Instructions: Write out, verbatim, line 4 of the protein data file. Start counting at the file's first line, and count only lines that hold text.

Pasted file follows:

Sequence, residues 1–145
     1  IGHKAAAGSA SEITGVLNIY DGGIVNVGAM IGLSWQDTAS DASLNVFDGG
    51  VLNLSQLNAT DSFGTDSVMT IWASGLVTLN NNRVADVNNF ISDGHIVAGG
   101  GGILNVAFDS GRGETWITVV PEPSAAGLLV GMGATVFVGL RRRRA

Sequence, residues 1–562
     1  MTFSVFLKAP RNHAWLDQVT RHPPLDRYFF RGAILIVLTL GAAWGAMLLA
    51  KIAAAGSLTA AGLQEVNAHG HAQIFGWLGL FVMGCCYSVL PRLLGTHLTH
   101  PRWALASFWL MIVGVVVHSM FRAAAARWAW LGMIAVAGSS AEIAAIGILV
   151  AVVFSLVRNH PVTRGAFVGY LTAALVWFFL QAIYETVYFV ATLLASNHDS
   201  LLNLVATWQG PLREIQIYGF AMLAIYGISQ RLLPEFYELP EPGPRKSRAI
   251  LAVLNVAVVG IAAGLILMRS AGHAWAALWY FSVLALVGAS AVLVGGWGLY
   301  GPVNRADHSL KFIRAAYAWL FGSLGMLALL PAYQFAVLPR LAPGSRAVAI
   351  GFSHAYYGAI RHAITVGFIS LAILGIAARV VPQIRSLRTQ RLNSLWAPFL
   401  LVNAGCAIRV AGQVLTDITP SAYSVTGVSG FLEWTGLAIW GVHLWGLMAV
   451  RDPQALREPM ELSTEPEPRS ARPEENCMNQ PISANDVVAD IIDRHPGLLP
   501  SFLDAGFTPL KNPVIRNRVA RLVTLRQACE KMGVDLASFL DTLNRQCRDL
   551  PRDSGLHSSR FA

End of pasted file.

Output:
   101  GGILNVAFDS GRGETWITVV PEPSAAGLLV GMGATVFVGL RRRRA